While we work hard to navigate these challenging times, we remain dedicated to empowering councils to bring the Scouting program to life for youth, families and communities, and we believe that these steps will enable us to continue providing Scouting to millions of youth today and in the future.

Article Submitted by Scot Fuller, Director of Field Service, Longhorn Council

Back in June, the Longhorn Council held a focus group targeting our highest performing units when it comes to recruitment. One general theme came out of this meeting: it takes the entire Scouting unit and their network engaging the families in their community to be successful. This was true for Cub Scout packs and Scouts BSA troops alike. As we heard this feedback, we put together plans on how we could do this in a new virtual world that we live in. We have worked to engage multiple networks to deliver the same message: Scouting continues, and we want you and your family to be a part of it.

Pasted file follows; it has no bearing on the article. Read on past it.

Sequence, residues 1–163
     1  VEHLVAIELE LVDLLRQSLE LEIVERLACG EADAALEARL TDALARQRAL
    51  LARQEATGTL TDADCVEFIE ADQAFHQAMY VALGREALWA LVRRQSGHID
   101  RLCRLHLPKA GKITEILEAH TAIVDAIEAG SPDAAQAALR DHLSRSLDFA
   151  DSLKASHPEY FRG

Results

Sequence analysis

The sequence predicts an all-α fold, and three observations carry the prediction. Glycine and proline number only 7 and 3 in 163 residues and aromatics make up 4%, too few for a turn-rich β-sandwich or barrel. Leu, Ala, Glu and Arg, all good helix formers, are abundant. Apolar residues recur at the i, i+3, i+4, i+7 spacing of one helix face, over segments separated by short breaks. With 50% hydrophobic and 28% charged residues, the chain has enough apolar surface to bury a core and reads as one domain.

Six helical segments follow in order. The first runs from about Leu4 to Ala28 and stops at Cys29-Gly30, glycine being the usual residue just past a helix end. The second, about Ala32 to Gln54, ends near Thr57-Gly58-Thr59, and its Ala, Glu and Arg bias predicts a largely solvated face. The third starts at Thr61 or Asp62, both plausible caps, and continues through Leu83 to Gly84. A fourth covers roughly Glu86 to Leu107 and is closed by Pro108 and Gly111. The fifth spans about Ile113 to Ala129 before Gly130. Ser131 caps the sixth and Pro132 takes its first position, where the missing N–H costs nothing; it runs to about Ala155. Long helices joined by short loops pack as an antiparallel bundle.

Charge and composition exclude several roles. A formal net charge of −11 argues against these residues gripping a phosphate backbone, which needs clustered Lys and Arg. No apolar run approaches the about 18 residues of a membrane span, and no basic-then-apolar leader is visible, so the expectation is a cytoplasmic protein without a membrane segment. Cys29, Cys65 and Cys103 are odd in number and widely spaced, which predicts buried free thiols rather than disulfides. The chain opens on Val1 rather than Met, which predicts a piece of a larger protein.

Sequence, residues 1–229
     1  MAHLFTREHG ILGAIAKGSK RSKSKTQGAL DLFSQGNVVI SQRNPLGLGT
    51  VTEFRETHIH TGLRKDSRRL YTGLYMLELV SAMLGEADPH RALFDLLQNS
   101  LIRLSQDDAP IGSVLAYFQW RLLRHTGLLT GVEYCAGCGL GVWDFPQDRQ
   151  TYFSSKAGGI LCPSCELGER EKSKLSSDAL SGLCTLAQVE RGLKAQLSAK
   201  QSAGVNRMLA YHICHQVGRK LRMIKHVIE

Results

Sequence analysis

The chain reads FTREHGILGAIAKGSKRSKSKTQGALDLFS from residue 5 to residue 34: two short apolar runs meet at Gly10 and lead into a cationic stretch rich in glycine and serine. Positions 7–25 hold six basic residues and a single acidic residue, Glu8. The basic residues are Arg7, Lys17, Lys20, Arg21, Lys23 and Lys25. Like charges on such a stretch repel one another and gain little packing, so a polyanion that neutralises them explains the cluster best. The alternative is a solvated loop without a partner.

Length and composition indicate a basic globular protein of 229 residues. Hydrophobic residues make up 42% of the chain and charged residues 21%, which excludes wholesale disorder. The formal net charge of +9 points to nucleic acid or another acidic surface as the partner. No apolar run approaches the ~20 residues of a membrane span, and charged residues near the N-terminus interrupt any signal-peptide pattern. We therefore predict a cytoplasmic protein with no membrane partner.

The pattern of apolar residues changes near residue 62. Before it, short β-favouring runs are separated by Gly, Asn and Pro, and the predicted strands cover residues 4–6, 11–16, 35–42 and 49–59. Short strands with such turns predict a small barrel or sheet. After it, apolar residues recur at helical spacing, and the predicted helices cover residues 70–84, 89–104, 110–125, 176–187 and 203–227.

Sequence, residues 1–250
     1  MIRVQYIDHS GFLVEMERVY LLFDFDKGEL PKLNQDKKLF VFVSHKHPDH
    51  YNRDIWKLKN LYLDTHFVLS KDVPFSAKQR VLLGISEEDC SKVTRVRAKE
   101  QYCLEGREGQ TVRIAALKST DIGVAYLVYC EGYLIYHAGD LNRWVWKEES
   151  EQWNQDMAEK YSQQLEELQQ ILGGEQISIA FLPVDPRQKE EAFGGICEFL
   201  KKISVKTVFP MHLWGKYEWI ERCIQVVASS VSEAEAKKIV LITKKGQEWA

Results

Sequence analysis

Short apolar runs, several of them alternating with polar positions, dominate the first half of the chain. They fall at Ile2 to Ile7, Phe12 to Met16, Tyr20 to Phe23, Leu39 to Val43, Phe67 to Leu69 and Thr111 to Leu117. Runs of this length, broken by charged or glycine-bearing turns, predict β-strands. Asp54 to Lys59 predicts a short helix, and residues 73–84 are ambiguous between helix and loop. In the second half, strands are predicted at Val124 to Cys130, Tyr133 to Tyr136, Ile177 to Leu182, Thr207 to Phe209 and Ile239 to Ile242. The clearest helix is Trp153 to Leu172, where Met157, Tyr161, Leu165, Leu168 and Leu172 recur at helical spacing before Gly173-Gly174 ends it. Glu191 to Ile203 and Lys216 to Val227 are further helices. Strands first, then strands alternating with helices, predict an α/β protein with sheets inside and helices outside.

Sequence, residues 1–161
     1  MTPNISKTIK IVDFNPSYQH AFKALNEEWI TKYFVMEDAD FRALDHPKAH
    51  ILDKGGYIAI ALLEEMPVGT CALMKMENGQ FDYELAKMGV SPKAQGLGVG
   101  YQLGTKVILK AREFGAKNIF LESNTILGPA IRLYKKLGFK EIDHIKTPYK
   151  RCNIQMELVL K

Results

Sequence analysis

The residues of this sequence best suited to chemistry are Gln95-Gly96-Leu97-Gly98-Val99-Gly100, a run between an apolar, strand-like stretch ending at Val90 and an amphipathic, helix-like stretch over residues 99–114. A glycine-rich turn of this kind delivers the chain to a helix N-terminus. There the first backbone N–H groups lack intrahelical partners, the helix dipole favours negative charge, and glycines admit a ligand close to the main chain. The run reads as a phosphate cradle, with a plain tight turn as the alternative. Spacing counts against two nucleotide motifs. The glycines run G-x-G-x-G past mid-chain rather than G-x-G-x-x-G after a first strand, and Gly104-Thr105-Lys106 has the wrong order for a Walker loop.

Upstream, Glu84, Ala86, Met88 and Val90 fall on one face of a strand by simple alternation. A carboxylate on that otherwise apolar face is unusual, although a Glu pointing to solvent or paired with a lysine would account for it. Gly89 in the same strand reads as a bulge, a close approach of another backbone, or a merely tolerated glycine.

• We need our packs and troops having a social media presence. One of our council membership committee members and an assistant council commissioner does marketing for a living. He understands the complexities of social media and that every platform put together a different message to get the word out. He put together a great two-month guide for units to be able to market their message through multiple platforms. You can download the guide here: Growing your Scouting unit – Social media